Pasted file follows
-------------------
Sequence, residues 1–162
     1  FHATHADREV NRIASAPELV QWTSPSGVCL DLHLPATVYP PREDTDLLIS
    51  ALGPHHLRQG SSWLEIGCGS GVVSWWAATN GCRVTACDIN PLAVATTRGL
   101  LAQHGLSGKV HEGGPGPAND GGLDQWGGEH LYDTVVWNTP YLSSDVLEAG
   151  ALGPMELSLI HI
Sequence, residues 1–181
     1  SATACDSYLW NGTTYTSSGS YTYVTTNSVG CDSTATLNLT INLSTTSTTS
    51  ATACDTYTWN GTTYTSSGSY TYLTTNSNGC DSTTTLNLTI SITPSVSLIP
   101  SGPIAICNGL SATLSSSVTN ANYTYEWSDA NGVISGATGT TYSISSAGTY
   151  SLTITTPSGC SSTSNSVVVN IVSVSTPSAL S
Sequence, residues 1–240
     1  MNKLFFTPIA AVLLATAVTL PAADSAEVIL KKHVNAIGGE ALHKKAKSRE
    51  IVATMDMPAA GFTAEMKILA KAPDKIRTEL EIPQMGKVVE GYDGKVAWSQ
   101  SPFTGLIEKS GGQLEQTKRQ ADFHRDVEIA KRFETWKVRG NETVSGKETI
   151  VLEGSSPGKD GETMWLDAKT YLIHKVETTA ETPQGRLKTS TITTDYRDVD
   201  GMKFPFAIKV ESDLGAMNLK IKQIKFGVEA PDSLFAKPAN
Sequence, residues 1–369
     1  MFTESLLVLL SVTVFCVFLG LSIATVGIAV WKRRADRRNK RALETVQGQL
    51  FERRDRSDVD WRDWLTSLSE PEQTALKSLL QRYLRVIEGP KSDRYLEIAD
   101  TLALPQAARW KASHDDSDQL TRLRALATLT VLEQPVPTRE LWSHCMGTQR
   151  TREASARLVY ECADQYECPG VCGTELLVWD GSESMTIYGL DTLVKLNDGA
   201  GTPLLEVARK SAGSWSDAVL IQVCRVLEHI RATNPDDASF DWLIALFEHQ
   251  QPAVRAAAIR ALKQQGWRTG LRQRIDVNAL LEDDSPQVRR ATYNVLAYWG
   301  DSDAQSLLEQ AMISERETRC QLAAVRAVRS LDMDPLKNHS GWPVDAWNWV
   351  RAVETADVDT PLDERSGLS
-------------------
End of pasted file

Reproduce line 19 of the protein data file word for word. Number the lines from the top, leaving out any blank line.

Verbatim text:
    51  FERRDRSDVD WRDWLTSLSE PEQTALKSLL QRYLRVIEGP KSDRYLEIAD